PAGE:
# Calculation of dimensions

#### Andersons

Joined Sep 28, 2019
24
Hello, I’m calculating dimensions of threaded rods that will be attached to a steel T bar. It’s important that I get everything right, so I thought that consultation might be a good idea.

What I’m doing is best described in pictures.

The diameter of the rods is 19 millimeter. The diameter of the threading of the rod is M8. The nuts I’ll use is these http://www.fasteners.eu/standards/DIN/934/ The value ”e” describe the overall diameter of the nuts, they only tell the ”minimum”, but I need to now the maximum.. Anyway, I try to calculate how much space will be left for the nut if the T bar is 3.5mm thick (as described in figure: Dim 3 right bottom corner). The (minimum) total diameter of the nut is 14.38mm according to DIN 934, so I need to have atleast 16mm as a minimum marginal space.

The reason why the rods in the 2-D image in the left corner (seen from above) overlap eachother is this:
The figure to the left is how the rods are assembled. What’s the total diameter of the figure to the left?

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#### KeithWalker

Joined Jul 10, 2017
1,216
We do not do the calculations for you. If you show us your best effort, we may be able to offer some advice.
I will give you a clue: In the bottom left illustration, the centers of every three adjacent rods forms an equilateral triangle. Can you take it from there?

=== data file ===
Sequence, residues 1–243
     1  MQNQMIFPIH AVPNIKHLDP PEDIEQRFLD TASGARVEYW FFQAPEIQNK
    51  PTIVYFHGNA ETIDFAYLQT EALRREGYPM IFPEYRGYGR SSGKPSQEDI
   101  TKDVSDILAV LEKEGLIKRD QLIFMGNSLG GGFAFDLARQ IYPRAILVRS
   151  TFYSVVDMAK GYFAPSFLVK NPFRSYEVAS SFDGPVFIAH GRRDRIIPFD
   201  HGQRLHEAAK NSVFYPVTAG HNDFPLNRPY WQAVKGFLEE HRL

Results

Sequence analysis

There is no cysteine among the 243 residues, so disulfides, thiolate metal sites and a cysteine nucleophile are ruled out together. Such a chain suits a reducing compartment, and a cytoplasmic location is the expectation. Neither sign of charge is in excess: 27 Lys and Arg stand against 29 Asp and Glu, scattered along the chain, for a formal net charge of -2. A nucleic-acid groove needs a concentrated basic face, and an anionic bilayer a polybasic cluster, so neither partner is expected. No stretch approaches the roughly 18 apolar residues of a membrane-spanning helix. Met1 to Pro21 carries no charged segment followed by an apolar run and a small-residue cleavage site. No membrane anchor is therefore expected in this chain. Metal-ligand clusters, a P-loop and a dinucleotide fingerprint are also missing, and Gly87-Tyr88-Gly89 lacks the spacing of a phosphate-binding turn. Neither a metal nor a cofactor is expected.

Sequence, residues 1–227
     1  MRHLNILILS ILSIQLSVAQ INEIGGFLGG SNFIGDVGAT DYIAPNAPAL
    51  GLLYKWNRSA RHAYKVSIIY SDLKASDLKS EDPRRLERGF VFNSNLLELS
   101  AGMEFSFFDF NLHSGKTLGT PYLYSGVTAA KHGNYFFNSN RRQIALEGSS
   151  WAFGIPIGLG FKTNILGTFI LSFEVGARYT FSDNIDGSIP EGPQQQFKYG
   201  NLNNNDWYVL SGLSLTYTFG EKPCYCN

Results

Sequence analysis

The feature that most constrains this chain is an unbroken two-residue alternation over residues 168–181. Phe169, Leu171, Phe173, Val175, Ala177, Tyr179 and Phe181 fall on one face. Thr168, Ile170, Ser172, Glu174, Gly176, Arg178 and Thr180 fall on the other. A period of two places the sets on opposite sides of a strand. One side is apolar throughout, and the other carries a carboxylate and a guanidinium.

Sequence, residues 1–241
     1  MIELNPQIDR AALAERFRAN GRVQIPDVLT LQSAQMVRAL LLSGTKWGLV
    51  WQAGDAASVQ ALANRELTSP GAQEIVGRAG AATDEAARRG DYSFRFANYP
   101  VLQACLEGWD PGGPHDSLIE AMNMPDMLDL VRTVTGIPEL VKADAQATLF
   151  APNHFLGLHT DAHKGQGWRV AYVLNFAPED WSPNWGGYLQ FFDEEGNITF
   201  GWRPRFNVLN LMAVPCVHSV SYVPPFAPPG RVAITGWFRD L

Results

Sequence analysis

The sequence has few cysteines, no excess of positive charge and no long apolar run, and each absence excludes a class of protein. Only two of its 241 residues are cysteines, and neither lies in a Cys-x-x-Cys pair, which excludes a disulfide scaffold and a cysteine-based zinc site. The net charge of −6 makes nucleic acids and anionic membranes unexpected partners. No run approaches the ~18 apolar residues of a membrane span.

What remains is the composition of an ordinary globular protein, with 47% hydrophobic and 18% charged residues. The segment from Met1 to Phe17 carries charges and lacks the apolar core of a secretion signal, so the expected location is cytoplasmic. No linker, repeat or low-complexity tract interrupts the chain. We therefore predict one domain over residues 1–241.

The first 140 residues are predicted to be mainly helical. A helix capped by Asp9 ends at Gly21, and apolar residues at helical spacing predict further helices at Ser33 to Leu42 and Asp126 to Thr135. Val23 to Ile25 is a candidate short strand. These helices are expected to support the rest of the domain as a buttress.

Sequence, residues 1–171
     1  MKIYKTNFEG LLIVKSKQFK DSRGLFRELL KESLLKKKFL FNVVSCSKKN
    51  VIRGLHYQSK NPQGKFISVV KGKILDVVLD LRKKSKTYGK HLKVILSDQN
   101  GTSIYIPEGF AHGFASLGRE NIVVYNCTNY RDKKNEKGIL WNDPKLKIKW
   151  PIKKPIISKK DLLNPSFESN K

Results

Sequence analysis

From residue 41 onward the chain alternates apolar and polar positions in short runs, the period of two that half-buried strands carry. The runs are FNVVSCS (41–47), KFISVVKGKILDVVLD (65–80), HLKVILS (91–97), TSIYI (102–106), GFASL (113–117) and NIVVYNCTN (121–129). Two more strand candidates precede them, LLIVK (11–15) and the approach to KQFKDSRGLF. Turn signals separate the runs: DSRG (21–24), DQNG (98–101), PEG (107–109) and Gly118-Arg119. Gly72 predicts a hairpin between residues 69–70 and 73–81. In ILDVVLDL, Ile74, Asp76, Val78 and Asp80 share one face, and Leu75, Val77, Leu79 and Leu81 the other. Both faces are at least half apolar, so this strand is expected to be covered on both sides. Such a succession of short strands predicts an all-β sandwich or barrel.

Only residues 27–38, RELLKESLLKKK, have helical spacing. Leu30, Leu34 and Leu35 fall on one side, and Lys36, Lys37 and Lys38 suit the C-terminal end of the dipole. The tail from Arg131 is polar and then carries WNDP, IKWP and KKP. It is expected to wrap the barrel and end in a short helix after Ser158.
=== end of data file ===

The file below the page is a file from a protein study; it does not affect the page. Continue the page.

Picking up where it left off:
Regards,
Keith

#### WBahn

Joined Mar 31, 2012
26,140
What does the specified dimensions of s tell you about the max value of e?

#### hrs

Joined Jun 13, 2014
251
Is this an exercise in geometry or something that actually needs to be made? Bolt spacing is typically limited by tooling and 19 mm seems marginal.

#### jpanhalt

Joined Jan 18, 2008
10,210
If you space the nuts to assure no interference by dimension "e" of the hex nut, they will be difficult to tighten, as the wrench is even wider. You can make a nut driver (socket) and turn it to a smaller outside diameter. There are "Allen" nuts that can be spaced closer together and tightened with a spline wrench from the top:

You can weld the nut and try to tighten the rod, or thread the hole and tighten the rod. There are other possibilities along that line too. Tightening a smooth round rod is can be difficult.

Assuming you want to tighten a conventional nut of about the same size on the rod, I would not pack the rods so tightly together. The rod can be turned smaller and threaded. Then use a smaller nut. There are also small outline nuts made.

Bottom line: You need to decide how many rods you want, the type of nut you will use, if any, and from that calculate the minimal spacing with allowance for a wrench used to tighten them.

Edit: You can make it easier on yourself by drawing nuts with concentric circles showing maximum diameter of the head and tightening wrench.

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#### Wendy

Joined Mar 24, 2008
22,164
I recently solved a similar issue laying out a 3D print. It is done using radius and Pythagorean theorem ( right angles).

#### Andersons

Joined Sep 28, 2019
24
So the total diameter of the left figure is 33mm?

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#### Andersons

Joined Sep 28, 2019
24
What does the specified dimensions of s tell you about the max value of e?
15. Is this correct?

#### KeithWalker

Joined Jul 10, 2017
1,216
So the total diameter of the left figure is 33mm?
In planar geometry, only a circle has a diameter. The figure in the diagram on the left has width and height.
The answer that you calculated, 33mm, is the distance between the parallel lines which pass vertically through the centers of the two columns of circles. The total width of the diagram is 33mm + (R X 2) where R is the radius of the circles.
You need to be very specific when you are discussing measurements and calculations, otherwise you comments are meaningless.
Regards,
Keith